Victoria: Gateway to Promise
Ann-Lee + Gordon Switzer explore Canada’s first Japanese community
When long-time Victoria resident Kiyoshi Kay Shimizu left for Ottawa a number of years ago she presented Ann-Lee and Gordon Switzer with a cardboard box of documents related to the history of the pre-war Japanese Canadian community in Victoria. The box contained, among other things, cemetery records Shimizu and the Kakehashi committee (a group dedicated to honouring the Japanese pioneers interred in the Ross Bay Cemetery) had compiled, researching the Japanese buried at Ross Bay Cemetery, with the goal of recognizing them all.
Little did the couple know that this would mark the beginning of an odyssey that would stretch over many years—one that would culminate in the newly-released book Gateway to Promise: Canada’s First Japanese Community, published by Ti-Jean Press.
As new members of the Victoria Nikkei Cultural Society—having relocated there only in 2001—Ann-Lee and Gordon Switzer, with their history backgrounds, developed a keen interest in exploring the history of the Japanese community in Victoria. When they were asked by the Old Cemeteries Society to compile a booklet about the people of Japanese descent who are buried in Victoria’s historic Ross Bay Cemetery, they wanted to include a short section on the history of Japanese Canadians in Victoria. To their dismay they discovered that there had been very little written about the pre-war community. After finishing the small booklet they realized there was more to be discovered. So the Switzers set out to document that history.
The resulting book, just shy of 400 pages, takes a long-overdue look at a little-known chapter in Canadian Nikkei history, and one that has been mostly ignored up to now.
The Ross Bay Cemetery—the final resting place of many notable Canadians including Sir James Douglas, Sir Matthew Baillie Begbie, Billy Barker and Emily Carr—provides a good jumping-off point for the history of the early Japanese community in Victoria. Approximately 150 people of Japanese descent are buried there. In fact, the cemetery is the only existing connection to the pre-war community that was erased soon after Japanese attack on Hong Kong and the bombing of Pearl Harbor. The removal of all Japanese Canadians from the coast in 1942 included the 300 or so who lived in Greater Victoria, ending the existence of the settlement, as none returned to live in their former home city.
If the headstones at the cemetery provide a small glimpse into the pre-war Victoria community, the book provides a vivid and comprehensive portrait of it. It covers the very first visits by Japanese shipwrecked sailors in the mid 1850s, the arrival of the first settlers, and the steady growth into a small community that, although eventually dwarfed by the Nikkei communities in Vancouver’s Powell Street and Steveston, had its own character and dynamic.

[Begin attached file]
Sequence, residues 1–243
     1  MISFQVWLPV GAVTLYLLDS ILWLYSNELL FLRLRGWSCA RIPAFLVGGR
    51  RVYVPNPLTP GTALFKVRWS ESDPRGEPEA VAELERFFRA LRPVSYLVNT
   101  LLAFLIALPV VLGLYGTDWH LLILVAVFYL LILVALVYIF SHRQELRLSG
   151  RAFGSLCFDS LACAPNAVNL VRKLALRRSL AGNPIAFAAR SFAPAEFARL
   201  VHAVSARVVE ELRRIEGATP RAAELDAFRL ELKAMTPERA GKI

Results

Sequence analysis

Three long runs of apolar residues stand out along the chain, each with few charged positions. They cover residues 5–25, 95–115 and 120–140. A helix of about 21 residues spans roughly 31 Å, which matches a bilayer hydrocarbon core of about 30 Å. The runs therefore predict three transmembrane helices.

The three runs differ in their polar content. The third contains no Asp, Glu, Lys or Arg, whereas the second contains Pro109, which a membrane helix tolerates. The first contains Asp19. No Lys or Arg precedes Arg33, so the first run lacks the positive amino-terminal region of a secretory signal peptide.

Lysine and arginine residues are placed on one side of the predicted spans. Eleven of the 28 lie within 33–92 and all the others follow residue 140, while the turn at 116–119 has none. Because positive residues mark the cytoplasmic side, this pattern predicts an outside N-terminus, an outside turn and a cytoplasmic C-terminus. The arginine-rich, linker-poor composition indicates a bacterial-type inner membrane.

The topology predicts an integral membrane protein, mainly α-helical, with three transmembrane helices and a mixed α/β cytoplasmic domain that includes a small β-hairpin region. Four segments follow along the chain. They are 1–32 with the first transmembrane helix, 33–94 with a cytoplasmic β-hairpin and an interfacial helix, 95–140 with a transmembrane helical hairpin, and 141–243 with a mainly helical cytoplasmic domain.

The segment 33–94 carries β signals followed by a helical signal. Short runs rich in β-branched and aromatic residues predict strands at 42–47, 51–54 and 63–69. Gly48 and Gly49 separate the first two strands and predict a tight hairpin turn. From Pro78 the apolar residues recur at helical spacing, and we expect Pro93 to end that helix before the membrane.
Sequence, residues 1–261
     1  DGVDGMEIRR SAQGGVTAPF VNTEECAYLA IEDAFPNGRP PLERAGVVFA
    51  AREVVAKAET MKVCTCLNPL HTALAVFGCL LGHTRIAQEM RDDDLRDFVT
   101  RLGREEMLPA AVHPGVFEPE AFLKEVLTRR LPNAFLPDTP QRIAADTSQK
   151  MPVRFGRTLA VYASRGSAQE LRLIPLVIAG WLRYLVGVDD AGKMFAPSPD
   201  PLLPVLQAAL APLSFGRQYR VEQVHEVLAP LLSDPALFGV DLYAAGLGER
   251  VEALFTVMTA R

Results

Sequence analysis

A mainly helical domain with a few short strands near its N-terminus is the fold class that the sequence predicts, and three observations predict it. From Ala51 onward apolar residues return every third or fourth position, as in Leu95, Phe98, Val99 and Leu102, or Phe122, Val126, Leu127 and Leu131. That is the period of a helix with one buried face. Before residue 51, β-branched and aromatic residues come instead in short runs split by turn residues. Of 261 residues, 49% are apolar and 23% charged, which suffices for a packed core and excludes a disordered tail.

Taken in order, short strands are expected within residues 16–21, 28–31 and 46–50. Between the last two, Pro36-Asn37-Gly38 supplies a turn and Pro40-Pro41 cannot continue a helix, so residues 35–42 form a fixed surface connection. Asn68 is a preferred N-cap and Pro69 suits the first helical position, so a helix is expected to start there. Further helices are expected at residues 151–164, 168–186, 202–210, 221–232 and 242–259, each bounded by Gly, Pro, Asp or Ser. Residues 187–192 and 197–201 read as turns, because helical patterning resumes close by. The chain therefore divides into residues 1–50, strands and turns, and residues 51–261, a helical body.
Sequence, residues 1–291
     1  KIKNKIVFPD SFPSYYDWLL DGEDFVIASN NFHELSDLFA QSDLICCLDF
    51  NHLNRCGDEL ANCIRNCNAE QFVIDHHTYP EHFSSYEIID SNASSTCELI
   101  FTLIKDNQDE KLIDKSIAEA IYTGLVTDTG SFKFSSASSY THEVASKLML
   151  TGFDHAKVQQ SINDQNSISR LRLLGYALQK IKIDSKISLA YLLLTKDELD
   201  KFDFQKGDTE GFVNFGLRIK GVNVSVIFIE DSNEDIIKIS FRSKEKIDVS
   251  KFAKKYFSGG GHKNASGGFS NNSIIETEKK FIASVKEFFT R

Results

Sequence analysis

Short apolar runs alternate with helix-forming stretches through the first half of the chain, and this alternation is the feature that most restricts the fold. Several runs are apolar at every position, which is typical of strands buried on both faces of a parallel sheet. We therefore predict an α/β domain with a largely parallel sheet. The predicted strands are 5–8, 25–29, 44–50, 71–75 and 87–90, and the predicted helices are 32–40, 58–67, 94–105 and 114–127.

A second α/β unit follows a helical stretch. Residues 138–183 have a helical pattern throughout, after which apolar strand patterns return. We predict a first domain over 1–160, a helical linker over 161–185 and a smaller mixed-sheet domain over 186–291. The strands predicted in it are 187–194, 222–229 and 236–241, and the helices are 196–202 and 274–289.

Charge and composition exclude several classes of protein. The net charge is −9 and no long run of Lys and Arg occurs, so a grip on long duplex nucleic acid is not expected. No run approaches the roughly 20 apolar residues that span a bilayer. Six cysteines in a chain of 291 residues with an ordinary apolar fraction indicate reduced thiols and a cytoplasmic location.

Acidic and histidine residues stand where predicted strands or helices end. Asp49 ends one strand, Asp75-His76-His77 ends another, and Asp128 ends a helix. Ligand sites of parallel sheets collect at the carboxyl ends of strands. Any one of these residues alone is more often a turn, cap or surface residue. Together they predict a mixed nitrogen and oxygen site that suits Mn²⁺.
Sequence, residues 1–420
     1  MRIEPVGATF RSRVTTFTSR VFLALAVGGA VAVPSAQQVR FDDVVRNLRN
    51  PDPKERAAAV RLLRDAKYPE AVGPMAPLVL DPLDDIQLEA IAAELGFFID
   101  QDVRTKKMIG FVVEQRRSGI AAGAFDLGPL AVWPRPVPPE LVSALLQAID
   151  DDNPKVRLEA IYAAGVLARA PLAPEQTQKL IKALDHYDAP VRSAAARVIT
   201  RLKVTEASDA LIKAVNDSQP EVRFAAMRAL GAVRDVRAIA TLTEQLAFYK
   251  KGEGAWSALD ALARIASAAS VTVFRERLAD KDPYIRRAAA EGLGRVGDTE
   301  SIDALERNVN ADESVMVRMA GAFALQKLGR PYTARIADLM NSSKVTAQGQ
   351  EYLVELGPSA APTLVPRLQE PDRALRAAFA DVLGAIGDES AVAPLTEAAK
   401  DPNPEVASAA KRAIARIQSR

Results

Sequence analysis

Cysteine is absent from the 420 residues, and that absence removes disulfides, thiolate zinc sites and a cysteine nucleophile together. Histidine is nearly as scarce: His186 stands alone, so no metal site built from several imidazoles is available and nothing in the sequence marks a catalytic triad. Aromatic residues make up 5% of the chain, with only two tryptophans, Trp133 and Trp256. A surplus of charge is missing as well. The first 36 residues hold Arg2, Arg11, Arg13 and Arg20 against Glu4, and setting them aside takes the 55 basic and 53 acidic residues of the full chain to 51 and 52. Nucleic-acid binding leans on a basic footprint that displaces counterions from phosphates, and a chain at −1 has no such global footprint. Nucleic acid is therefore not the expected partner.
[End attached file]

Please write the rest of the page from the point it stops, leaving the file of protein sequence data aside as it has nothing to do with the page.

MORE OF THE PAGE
Gateway to Promise: Canada’s First Japanese Community is divided into three sections: History; Public Space, looking at the Japanese influence on Victoria; and Private Space, a section given over to stories of some of the families that once called Victoria home. While the book as a whole is fascinating, it is in this third section that one gets a real insight into the various individuals and families who lived there.
The book is recommended reading for anyone interested in the history of the Japanese in Canada.
The Switzers talked to The Bulletin by e-mail from their home in Victoria.
Interview: Ann-Lee + Gordon Switzer
You both have a wide-ranging interest in all things Victoria, perhaps because neither of you are native to the city. How did you come to settle there?
Ann-Lee: We lived for 30 years “in the bush”—the rural area outside of Powell River, where we were teachers. We loved the natural surroundings there, but needed our “culture fix” too, so we would head to Vancouver or Victoria, the nearest cities, both 5 hours away including the ferries. Time for a change came 11 years ago, and we chose smaller-scale Victoria—partly because I was researching Emily Carr’s writings. Eventually that work was published as This and That: the Lost Stories of Emily Carr. We found so many people here were curious and knowledgeable about history, and that was great, and we joined all sorts of societies in the arts and history fields.
How did you get involved in the Japanese Canadian community?
Gordon: To begin with I was raised in Japan from the age of three. I attended International schools in Japan, where English was used, then spent three terms at the International Christian University In Tokyo before returning to North America. So while my parents were not Japanese, all my early years were spent growing up in Japan. I spent my earliest years in Kamakura and still consider it to be my hometown although my family moved to other places around the Kanto area. After Kamakura I lived in Yokohama, Totsuka, and in several areas of Tokyo. I grew up considering myself Japanese, so when I visited North America as a teen-ager one summer everything and the people, especially the old ladies, looked so strange. Once back in Japan it was a relief to feel at home.